Mitsubishi Unisen LT-46153

Key Features
$2,200 Mitsubishi-tv.com
• 47-inch, 1080p-resolution screen • 120-Hz display with Smooth 120Hz film mode • USB input with JPEG photo and MP3 music player • 16-speaker sound projector • IR output for pass-through device control • Inputs: 4 HDMI, 2 component-, and 1 component-/compositevideo; coaxial digital audio and 2 stereo analog audio; RF Ant/ Cable; USB • Outputs: Coaxial digital audio; analog stereo audio; subwoofer; IR repeater • Dimensions + Weight 42 x 28 x 3 in; 62 lb (without stand)

Model-thin TV designs are all the rage these days, but there's evidence of other efforts on the part of set makers to transform the electronic hearth. Making TVs Internet-friendly by adding Ethernet connections and onscreen "widgets" is one example. Another is the media-streaming deals that let them directly access movies from services like Netflix, CinemaNow, Amazon Video on Demand, and Vudu. But a more obvious scheme - one that, surprisingly, only Mitsubishi appears to have given serious consideration - is beefing up a TV's audio performance so that a separate surround-sound system isn't necessary.

Mitsubishi's Unisen 249 and 153 Series TVs (including the 46-inch model LT-46153 under review) all feature a 16-speaker integrated sound projector. Unlike basic soundbars, which typically deliver "virtual surround" from stereo speakers, sound projectors use digital signal processing to intelligently direct 5.1 signals, bouncing the sound off the walls of your room to more realistically approximate a rear-speaker effect. A 3-inch-high speaker enclosure - even one packed with 16 drivers - can only deliver so much bass, however, so Mitsubishi also includes a subwoofer output jack. To make the most of that feature, many Mitsubishi TV dealers package the set with Polk Audio's PSWi225, a wireless powered model with an 8-inch woofer.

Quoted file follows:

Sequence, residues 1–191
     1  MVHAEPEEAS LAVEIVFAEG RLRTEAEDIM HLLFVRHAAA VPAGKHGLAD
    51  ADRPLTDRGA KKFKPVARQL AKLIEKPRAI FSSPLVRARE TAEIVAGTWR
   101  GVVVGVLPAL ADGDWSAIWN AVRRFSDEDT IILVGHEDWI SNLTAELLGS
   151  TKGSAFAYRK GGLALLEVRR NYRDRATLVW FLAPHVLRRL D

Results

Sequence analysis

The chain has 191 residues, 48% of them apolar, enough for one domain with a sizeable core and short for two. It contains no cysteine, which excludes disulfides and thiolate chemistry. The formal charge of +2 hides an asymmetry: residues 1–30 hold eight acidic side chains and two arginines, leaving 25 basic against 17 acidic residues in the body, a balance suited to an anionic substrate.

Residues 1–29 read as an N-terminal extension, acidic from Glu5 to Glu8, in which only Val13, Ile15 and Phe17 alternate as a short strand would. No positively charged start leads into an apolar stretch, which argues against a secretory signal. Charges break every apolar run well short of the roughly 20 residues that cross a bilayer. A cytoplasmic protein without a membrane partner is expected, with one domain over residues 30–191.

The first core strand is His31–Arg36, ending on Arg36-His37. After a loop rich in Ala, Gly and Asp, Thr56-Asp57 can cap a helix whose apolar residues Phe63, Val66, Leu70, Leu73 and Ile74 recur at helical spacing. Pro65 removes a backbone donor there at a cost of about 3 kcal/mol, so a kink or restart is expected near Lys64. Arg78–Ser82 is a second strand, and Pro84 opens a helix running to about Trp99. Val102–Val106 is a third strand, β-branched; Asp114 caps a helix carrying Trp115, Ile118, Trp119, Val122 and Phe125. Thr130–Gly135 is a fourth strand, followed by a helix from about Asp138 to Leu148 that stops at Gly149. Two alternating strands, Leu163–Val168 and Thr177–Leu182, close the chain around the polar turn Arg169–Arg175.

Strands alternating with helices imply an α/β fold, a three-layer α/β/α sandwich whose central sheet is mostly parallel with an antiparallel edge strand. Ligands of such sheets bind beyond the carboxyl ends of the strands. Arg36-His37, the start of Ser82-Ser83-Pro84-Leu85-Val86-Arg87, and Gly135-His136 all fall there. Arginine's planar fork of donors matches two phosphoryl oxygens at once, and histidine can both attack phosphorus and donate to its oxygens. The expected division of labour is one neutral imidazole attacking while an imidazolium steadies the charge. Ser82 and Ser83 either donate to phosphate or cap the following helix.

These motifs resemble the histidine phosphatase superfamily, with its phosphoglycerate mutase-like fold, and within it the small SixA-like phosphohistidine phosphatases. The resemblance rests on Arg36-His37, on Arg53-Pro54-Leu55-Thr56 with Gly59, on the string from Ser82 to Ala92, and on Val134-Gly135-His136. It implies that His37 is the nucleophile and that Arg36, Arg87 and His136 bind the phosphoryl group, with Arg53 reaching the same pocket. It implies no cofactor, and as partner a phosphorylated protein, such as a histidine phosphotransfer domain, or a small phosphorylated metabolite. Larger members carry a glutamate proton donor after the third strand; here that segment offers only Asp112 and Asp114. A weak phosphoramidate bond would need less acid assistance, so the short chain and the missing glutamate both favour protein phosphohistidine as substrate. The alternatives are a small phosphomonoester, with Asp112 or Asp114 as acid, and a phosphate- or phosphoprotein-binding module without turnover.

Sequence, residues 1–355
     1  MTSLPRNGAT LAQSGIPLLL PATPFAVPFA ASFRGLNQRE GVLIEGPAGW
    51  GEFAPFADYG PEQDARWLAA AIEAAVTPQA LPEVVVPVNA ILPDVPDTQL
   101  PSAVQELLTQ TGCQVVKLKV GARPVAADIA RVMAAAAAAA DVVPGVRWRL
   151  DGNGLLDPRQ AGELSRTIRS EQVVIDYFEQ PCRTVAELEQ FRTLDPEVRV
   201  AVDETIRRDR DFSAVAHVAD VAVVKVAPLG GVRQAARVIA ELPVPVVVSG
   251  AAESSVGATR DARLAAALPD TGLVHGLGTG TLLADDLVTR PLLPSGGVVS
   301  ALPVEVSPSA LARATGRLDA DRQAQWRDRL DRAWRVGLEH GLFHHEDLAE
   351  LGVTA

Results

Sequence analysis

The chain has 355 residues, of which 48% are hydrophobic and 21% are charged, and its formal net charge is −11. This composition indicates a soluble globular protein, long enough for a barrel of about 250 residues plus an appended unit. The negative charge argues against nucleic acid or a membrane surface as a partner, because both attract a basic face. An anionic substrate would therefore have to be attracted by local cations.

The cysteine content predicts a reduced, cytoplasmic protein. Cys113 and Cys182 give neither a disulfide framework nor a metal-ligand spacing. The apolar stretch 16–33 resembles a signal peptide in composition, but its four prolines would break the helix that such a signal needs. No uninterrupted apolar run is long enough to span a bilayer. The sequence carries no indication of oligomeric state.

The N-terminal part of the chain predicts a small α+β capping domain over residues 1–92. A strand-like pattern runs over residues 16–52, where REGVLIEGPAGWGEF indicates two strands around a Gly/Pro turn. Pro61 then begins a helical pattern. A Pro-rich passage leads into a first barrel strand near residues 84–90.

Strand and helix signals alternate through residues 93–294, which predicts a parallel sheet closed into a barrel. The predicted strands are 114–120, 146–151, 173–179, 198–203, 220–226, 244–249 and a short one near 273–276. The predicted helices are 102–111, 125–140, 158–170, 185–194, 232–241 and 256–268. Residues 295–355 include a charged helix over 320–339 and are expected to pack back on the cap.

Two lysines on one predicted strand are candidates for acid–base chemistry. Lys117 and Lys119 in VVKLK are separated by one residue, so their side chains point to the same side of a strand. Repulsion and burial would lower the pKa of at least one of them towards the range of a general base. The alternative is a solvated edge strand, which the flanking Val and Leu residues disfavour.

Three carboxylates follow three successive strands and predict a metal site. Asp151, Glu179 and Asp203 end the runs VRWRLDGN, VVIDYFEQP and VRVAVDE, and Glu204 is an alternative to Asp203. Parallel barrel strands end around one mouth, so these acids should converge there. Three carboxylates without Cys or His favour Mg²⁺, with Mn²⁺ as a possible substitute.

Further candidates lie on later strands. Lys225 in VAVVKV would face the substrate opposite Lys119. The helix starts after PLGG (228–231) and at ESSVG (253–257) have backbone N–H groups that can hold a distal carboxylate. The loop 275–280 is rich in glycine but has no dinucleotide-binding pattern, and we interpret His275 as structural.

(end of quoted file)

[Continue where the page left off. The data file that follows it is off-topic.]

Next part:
But surround sound is only part of the LT- 46153's picture. This TV also has a 120-Hz display, along with Smooth 120Hz processing to reduce judder with film-based programs. And a user-accessible Advanced Video Calibration mode lets you dig deeply into finetuning the set's picture, with color-temperature controls, color-management menus, and selectable gamma presets.

The LT-46153's look is classy and understated. With its barely-there ¾ -inch-wide frame, there's not much to detract from the picture. The sound projector runs the full width of the TV's bottom edge, and a sturdy gloss-black stand keeps everything firmly propped up. Around back are two sets of inputs - one directly on the back panel and the second on a recessed panel for wall-mounted installations - both of which offer two HDMI jacks and a component-video/stereo audio input. A side panel offers up component-video/ stereo audio inputs and a USB port.